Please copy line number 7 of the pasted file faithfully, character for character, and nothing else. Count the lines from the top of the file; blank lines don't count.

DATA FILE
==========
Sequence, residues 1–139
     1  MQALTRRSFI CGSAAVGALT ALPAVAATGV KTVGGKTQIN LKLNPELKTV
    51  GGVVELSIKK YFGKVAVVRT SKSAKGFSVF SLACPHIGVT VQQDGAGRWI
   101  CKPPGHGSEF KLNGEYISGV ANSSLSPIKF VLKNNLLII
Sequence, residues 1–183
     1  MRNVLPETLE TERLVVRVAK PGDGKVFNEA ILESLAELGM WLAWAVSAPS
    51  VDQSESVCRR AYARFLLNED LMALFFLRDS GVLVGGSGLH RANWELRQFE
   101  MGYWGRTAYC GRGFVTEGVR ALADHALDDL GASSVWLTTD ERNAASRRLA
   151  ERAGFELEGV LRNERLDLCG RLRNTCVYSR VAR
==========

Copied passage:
    51  VDQSESVCRR AYARFLLNED LMALFFLRDS GVLVGGSGLH RANWELRQFE